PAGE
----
The Mad Dash Race in the village of Rhinebeck — a Labor Day morning event featuring a 5K walk/run, a 10K run, and “mini-dashes” for kids — drew hundreds of runners and walkers of all ages, shapes and sizes. It also attracted sponsorship from about 70 businesses and individuals, who donated monies that will go to about 19 local programs. The Church of the Messiah in the village runs the annual event, which began 27 years ago and has been held almost every year since.
“The real import of this entire event,” said Douglas Hamilton, a parishioner and the official race starter, “is that it’s a fundraising event sponsored by our church and directed at local charities. And it’s a central part of how our outreach programs in the church raise money in a very public way.”
Both Hamilton and Reverend Richard McKeon, Jr., the church’s rector, have been involved in the event for the last couple of years.
“It’s a great community event,” said McKeon. “Registrations are up and it’s more popular than ever.”
“We really appreciate the community sponsorship, which has been tremendous,” he added, “and, of course, the race participants themselves.”
Runners and walkers from ages 2 through 78 participated in this year’s races, which were on village streets and over gently hilly, paved and shaded terrain. The morning was temperate, without precipitation. There were staggered start times for the races, with the 5K beginning at 8:30am.
According to Mike Cassano, who co-directed Mad Dash with his wife, Heather, tallies are still coming in on the number of participants. However, he believes it was more than 670, including upwards of 570 runners and walkers in the 5K and 10K, and about 100 children in the Mini-Dashes.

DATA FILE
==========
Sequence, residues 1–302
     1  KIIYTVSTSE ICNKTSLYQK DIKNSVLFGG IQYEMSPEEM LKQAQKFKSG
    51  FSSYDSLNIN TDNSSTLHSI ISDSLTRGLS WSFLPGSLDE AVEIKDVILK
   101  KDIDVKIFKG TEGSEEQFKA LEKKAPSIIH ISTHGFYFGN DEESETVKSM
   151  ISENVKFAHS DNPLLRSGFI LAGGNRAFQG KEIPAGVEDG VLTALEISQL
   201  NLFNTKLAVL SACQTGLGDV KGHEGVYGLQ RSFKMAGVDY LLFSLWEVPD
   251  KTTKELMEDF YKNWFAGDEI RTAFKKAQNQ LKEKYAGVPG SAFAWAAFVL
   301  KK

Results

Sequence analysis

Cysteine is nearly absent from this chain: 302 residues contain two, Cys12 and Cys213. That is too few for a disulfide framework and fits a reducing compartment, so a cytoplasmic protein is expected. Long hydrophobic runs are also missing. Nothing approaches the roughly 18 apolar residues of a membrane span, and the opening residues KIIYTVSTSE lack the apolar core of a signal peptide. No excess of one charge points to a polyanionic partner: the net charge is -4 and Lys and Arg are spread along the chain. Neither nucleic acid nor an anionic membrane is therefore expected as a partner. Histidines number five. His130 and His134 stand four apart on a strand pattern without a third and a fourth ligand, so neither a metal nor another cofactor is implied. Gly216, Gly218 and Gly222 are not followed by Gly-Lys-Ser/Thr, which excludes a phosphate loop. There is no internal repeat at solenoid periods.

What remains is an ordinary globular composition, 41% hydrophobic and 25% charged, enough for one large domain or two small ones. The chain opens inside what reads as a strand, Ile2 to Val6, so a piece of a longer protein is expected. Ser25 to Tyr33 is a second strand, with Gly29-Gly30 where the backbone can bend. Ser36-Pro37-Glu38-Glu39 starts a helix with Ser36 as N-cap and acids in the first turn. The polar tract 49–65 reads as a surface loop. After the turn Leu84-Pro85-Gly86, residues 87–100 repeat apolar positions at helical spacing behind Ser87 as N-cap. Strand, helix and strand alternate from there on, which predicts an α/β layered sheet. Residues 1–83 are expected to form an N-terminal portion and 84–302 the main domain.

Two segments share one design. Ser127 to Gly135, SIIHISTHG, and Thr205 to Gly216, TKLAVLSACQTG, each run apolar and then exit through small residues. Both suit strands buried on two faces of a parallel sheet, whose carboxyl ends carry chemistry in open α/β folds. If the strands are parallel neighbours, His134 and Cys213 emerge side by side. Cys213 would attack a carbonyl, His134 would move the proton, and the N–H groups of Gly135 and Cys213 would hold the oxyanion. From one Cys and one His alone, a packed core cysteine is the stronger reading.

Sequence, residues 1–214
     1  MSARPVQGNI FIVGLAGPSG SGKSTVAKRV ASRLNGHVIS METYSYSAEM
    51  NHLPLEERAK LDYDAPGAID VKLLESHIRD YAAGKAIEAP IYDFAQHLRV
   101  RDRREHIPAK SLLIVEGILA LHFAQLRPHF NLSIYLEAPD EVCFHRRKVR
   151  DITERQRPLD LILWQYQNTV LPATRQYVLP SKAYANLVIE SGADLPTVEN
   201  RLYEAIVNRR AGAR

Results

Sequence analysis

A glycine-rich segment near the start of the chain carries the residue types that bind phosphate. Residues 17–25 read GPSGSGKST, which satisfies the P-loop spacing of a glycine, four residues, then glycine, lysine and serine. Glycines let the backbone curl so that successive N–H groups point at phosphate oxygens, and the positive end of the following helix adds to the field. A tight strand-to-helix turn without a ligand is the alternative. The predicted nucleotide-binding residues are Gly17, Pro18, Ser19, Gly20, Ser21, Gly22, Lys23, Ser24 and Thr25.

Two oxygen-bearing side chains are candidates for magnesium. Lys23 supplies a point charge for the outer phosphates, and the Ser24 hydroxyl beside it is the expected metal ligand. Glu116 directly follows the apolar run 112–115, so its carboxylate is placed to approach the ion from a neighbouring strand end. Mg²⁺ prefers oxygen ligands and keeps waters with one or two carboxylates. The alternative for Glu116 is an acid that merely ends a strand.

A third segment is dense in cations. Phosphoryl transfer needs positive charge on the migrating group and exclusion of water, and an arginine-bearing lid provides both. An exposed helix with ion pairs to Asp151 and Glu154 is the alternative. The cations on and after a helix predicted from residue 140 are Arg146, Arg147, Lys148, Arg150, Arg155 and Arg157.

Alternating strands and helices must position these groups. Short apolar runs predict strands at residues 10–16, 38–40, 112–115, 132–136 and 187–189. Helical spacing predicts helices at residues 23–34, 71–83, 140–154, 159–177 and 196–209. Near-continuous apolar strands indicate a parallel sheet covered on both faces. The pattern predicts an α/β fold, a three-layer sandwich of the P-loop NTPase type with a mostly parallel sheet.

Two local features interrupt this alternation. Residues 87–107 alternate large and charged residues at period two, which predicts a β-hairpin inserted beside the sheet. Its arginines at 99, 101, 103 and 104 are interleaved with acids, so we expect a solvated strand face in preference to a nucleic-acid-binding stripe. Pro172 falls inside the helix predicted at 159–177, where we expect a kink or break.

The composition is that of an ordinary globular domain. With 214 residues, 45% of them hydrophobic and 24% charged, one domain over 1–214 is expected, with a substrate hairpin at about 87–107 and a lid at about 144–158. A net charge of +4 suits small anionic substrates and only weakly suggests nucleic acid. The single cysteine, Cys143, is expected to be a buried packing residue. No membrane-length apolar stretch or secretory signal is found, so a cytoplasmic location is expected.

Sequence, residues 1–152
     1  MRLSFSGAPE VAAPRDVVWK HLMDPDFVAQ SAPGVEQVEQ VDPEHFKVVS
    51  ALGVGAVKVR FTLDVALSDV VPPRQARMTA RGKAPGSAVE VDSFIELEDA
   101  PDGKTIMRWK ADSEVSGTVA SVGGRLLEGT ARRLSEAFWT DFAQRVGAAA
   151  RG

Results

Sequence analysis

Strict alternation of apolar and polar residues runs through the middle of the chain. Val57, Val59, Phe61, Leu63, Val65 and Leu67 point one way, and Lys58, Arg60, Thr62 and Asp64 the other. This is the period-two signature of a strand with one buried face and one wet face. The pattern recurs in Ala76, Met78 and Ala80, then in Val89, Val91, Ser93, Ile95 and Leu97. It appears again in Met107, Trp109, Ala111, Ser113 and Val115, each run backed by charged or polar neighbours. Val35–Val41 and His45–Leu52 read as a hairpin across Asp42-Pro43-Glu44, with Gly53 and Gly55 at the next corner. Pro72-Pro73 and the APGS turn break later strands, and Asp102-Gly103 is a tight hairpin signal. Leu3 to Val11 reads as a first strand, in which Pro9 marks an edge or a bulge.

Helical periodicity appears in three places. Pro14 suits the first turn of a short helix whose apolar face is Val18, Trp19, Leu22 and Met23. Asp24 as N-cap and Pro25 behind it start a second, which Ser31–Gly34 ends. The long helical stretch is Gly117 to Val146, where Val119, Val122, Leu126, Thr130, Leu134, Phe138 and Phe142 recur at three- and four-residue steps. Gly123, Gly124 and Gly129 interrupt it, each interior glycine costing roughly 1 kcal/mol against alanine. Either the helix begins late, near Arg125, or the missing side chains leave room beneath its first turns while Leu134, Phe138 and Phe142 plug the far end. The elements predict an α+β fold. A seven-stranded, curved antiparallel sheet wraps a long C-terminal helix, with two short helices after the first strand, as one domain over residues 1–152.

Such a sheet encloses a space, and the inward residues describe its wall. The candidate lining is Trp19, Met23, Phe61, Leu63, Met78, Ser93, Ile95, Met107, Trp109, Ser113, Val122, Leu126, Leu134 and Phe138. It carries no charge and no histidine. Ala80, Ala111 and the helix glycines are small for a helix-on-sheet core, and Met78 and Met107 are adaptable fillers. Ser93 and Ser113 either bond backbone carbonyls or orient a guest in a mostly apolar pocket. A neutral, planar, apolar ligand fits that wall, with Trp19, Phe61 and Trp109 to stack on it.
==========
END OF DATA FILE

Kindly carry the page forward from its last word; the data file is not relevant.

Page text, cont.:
The approximately 70 sponsors included Rhinebeck Animal Hospital, Williams Lumber, A.L. Stickle’s, Bread Alone, Foster’s Coach House Tavern, Holy Cow Ice Cream and Northern Dutchess Pharmacy. Some of the charitable organizations benefiting from this year’s race include the church’s own food pantry, the Storybook Project of the Dutchess County Jail, the WIC program, the Community Coalition for Rhinebeck Youth, the Dutchess County SPCA, Hospice, and several more.
This year’s races raised more than $15,000, Cassano said, although the final number is still being tallied. All proceeds are going to the outreach. “No money stays at the church,” said parishioner Laurie Craft. “It all goes out.”
The Mad Dash Race began in 1988 and Hamilton spoke of people who have been involved with the event for 18 of those years, like Craft and her husband, Dave. “That just speaks to the level of depth of local commitment, of local people,” he said. “For 18 years, this has been a staple for them; this is their Labor Day.”
“While the course has been the same over the years,” Craft added, “the number of runners has varied… One year I believe there were seven or eight hundred…”
“A lot of people come from out of state,” she said, “because it’s a race that people really enjoy, and it’s family-friendly.”
She also noted that among other modern modifications, the racers’ times have been monitored for the past four years’ events by a computer chip they wear rather than a tear-off portion of their bib, as previously. She has seen an increase in sponsorship as well, with donors giving back to the community while having more ways of getting their names out there, not just on T-shirts, but also on different kinds of signage, and more, she said.
The races ended with a ceremony and presentation of ribbons and trophies to the winners, as well as announcements of raffle winners. Racing divisions for the 5K and 10K were for males and females up to 14 yrs, 15-19, 20-29, 30-39, 40-49, 50-59, 60-69 and 70+.
The male winner in the 5K was Dante Penepent of Rhinecliff; the female winner, Marisa Strange of Pleasant Valley. In the walkers’ category for the 5K, the winner was Pete Wells of Ulster Park. The 10K male winner was Arthur Green of Lagrangeville; female winner was Melissa Guckian of Poughkeepsie. In the children’s Mini-Dash categories, winners were: Kyle Lewis (2-3 year olds), Aidan Ginor (6-7 year olds), Emmanuel “Moochie” Laracuente (8-9 year olds) and Gideon Rothschild (10+).